I'm working on a project that is using code from an OpenSource project. One of the requirements is to push as much code back to upstream as possible.
The remote project is using Subversion (not very well).
My current setup looks like this:
[Remote SVN] (git svn fetch)-> [My public Git] <-(push/pull)-> [My dev. Git] VV (pull) VV [Testing grid]
EDIT 11.7. - reformulated the question
My issue is the coexistence of my local public repo and the svn upstream.
I have to provide 3 public branches:
- conservative stable
- experimental stable
These branches are now linear (development becomes experimental stable and experimental becomes conservative), but the target is a standard 3 headed approach with merging. Due to their public nature I can't rebase these branches.
Now completely orthogonal to this I'm trying to somehow make sending patches to upstream easier. Digging them out from my branches is slow and prone to errors.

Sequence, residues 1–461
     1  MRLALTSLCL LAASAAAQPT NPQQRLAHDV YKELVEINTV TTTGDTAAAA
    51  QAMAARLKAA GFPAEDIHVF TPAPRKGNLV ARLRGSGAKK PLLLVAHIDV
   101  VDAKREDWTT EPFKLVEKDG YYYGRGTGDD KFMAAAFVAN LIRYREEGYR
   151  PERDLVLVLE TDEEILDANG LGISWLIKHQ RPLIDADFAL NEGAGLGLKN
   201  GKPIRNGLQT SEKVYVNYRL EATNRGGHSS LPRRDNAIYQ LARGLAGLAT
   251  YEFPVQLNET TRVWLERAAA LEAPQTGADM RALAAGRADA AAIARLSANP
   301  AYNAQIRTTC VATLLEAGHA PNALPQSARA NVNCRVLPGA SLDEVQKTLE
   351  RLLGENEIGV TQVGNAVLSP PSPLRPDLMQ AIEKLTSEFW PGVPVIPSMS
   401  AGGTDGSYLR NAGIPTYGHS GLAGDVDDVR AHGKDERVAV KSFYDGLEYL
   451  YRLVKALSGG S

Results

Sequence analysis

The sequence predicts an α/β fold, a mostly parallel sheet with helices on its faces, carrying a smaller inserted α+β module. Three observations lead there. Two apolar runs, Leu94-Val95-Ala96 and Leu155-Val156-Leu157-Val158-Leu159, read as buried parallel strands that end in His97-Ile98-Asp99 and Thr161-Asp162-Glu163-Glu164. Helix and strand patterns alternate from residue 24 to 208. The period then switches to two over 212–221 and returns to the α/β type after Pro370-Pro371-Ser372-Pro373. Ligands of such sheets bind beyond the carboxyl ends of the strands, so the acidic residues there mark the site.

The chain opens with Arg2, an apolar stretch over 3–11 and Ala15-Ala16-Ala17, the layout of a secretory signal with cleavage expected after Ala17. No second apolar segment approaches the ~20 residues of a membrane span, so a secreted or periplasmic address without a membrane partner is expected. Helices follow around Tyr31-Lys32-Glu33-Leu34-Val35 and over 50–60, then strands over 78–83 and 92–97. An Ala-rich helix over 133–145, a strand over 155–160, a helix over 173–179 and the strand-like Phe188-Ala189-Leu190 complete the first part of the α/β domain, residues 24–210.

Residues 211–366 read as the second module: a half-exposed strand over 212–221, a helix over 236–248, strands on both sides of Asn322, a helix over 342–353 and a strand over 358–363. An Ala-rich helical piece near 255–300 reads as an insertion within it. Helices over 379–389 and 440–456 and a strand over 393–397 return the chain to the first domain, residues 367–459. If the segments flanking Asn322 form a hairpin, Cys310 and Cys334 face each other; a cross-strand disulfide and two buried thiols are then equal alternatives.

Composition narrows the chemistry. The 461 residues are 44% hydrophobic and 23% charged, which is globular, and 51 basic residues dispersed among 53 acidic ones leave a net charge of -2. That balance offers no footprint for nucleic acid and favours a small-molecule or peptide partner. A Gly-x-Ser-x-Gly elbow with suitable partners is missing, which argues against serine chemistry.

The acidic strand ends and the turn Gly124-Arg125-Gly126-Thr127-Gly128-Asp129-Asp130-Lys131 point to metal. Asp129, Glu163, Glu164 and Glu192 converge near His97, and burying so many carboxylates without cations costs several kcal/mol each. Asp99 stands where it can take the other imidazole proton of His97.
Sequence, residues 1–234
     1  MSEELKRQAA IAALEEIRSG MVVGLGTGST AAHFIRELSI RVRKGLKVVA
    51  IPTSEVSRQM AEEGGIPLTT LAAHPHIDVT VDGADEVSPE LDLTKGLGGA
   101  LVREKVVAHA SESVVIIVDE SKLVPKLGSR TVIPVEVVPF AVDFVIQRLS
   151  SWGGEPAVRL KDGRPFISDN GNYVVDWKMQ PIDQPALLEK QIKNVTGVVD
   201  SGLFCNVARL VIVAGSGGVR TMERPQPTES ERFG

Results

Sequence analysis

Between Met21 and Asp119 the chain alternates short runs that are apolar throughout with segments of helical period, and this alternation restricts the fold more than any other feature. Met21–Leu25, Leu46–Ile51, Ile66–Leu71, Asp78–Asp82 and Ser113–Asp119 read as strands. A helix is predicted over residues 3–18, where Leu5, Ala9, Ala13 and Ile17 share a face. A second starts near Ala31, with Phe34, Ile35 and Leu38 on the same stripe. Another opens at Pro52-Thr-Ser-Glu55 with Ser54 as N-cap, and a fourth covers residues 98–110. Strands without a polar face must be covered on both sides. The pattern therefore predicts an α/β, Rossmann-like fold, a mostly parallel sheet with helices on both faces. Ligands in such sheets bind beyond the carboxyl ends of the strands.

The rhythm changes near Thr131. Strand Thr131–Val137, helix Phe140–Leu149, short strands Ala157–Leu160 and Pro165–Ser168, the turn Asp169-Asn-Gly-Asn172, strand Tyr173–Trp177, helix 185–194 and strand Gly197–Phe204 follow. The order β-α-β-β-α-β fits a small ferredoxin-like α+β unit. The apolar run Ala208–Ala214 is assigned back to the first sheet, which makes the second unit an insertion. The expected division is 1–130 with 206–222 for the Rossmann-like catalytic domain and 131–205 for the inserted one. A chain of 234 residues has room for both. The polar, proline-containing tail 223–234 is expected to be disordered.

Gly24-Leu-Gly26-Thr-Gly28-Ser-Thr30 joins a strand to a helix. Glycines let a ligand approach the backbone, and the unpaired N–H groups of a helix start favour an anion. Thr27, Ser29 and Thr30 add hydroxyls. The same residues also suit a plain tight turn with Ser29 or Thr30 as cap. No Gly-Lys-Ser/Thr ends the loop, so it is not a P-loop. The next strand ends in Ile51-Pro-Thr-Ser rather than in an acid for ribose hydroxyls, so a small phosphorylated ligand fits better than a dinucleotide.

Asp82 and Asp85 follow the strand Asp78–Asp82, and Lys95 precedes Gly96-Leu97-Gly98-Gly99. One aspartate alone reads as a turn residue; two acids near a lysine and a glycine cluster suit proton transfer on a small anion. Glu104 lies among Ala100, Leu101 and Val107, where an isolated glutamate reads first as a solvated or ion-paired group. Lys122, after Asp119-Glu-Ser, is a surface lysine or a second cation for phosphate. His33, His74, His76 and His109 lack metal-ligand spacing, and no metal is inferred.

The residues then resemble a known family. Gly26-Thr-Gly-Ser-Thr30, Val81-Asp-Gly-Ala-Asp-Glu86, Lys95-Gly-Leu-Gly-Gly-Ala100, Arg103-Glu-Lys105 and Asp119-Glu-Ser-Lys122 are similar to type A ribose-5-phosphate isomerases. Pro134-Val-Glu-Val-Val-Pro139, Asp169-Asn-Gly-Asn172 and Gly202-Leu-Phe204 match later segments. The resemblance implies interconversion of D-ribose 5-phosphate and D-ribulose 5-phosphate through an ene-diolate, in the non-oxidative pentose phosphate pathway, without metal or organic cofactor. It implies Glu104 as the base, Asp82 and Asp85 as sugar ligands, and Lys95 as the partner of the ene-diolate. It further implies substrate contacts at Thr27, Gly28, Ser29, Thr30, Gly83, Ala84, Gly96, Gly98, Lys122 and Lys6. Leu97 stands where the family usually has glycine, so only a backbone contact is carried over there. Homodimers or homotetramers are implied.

My typical current workflow is:
- implement some feature on top development branch
- test & fix feature
- test & fix other features broken by this new feature (actually happens a lot)
- determine if this is something that could be accepted in upstream or not (30:60 yes:no)
- do something about it (I usually just write a new TODO)
Another problem with the upstream is that they accept patches into different branches (my public branches are based on their stable branch). Once the patches reach stable branch I can simply forget that they exist, but until that happens I need to still keep them locally.